Hi Rob, we look after my brother’s Pom/poodle (Louie) from time to time. We have our own Shih-tzu/Maltese (Kylo) and they get on well mostly. They both sleep indoors. Louie is the older dog by approx 6yrs,not often but sometimes we will find he has relieved himself on legs of chairs or other places. He definitely marks his territory every time he goes for a walk (constantly), even at his own place. Is this what he is doing at our house & how do we control it?

    1. Robert says:

      Hi Don, it sounds like he could be marking his territory. Dogs don’t see a house as the entire clean living area. They just see their bed as being the clean area and the rest needs to be marked. I’d say you may need to get a dog trainer in. It is actually really hard because I would guess he will pee when no one is watching. You could try taking him out more often so he is empty but I know that there are times when you don’t have time to take him out so often and he will do the same. Besides leaving him outside in the back yard all the time I don’t really see a solution that will be 100% successful. That said, there are websites selling products you could try, they may work for your dog.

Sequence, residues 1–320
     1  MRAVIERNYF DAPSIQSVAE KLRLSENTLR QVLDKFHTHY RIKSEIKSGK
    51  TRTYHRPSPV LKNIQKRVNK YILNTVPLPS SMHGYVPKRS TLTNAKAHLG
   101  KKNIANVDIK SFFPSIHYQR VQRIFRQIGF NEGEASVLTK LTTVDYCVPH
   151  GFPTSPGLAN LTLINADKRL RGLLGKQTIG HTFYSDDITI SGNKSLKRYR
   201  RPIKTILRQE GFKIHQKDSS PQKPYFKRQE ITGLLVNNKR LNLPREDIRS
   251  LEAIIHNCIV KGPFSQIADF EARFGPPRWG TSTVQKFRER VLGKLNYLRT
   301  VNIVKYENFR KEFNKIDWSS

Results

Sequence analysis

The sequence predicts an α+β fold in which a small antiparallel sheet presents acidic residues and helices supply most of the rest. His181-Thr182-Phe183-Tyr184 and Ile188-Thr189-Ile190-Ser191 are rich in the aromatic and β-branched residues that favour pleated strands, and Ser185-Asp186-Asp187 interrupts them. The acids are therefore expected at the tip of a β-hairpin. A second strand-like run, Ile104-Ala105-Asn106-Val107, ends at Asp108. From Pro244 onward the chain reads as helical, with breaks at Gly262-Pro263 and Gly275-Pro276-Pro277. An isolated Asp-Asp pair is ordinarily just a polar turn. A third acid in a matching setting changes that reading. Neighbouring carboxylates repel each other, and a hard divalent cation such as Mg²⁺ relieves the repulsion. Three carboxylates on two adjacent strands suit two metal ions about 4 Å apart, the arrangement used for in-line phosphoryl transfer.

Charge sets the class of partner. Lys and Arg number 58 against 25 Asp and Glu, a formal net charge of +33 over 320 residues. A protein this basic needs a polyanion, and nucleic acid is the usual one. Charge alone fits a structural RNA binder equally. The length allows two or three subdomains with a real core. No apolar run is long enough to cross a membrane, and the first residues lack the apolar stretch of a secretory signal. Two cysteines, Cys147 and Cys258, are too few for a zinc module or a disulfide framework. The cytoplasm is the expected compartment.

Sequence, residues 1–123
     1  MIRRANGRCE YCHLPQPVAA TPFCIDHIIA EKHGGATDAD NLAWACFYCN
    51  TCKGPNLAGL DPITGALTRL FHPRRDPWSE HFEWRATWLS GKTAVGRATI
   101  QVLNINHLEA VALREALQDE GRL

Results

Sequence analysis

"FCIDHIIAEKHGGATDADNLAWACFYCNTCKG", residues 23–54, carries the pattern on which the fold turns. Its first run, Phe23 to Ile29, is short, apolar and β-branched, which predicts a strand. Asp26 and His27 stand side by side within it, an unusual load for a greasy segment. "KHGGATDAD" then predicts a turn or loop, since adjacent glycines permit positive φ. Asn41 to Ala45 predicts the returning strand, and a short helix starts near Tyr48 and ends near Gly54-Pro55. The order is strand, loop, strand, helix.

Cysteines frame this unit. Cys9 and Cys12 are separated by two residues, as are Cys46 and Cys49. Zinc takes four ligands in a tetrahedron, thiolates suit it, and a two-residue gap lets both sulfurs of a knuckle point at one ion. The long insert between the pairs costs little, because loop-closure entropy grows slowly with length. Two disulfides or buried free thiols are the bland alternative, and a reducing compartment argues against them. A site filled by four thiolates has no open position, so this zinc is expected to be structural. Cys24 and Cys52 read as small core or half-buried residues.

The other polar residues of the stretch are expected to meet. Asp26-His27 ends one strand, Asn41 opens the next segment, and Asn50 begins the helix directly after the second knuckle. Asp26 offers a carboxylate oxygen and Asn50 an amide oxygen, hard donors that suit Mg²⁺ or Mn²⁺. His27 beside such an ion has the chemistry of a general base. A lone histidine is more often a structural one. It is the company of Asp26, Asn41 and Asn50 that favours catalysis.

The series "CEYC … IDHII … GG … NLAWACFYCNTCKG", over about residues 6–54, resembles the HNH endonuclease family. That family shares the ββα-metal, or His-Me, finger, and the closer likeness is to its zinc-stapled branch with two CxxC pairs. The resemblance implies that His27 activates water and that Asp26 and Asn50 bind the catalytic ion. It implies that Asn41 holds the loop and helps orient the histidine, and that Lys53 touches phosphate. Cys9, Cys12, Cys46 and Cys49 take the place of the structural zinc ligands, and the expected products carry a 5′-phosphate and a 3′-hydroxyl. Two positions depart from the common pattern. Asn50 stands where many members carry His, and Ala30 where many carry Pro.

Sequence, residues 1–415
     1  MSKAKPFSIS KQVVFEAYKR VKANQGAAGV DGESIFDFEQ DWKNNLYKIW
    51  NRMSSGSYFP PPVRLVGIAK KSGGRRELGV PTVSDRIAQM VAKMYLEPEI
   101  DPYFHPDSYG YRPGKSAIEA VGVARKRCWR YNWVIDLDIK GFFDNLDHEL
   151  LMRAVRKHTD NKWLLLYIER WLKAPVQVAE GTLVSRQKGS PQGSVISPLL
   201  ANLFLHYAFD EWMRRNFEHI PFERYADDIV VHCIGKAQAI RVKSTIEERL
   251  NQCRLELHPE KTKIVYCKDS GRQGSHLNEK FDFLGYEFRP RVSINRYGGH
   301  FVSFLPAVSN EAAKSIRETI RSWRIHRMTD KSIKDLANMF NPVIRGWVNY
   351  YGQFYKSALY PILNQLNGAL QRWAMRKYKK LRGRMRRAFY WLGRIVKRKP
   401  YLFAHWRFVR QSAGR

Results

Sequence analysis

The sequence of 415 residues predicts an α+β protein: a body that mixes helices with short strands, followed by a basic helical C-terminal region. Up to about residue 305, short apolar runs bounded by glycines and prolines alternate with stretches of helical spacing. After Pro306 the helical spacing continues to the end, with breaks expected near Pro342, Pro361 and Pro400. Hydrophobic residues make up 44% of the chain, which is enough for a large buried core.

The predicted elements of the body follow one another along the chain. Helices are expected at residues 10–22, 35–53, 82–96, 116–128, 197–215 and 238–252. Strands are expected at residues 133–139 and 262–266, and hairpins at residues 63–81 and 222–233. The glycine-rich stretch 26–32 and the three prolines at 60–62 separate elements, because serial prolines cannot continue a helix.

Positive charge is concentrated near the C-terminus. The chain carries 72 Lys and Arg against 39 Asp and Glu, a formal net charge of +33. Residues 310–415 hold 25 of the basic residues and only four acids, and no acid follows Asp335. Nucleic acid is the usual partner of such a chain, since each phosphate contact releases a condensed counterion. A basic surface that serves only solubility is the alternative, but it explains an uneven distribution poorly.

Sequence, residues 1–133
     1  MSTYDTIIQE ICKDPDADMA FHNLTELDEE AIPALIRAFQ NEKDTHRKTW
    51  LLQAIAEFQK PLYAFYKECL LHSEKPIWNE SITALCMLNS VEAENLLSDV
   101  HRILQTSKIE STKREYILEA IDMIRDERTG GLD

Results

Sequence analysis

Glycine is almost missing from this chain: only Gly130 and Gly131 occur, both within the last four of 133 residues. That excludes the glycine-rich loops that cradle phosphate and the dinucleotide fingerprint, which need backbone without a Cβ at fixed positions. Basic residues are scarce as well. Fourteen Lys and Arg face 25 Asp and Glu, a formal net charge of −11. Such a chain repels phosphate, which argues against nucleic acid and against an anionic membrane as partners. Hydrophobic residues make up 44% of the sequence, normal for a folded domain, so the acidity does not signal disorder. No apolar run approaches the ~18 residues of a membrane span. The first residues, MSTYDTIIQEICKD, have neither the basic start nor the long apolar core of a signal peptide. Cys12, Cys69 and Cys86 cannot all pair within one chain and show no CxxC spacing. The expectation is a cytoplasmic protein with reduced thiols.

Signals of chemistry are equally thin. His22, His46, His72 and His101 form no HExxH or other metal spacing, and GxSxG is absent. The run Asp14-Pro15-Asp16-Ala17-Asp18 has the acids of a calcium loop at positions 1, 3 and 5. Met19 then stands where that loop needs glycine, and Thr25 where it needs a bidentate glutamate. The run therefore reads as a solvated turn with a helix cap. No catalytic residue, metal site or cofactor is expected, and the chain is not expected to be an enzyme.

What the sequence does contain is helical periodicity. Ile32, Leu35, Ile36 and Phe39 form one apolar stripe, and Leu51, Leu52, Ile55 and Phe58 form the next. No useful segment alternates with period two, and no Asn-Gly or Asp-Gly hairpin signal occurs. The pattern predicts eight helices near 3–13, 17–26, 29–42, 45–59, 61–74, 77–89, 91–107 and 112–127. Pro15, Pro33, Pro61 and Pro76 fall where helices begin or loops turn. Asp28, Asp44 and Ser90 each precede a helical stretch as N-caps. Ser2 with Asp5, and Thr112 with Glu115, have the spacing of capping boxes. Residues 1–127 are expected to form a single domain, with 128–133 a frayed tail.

4. Beverley Deroubaix says:

    Thank you for writing this article. It helps us to understand.

  5. Sue Siokos says:

    Thank you, this was very informative.
    My little dog started marking in the house when my husband was made redundant and was at home for two years. We had to put him on Prozac for his anxiety, which I wasn’t happy about but now he’s ok. He goes on his wee pad or waits to go outside.

    Do you have any advice on how to deal with a new baby and jealousy?

    Thank you
    Sue

    1. Robert says: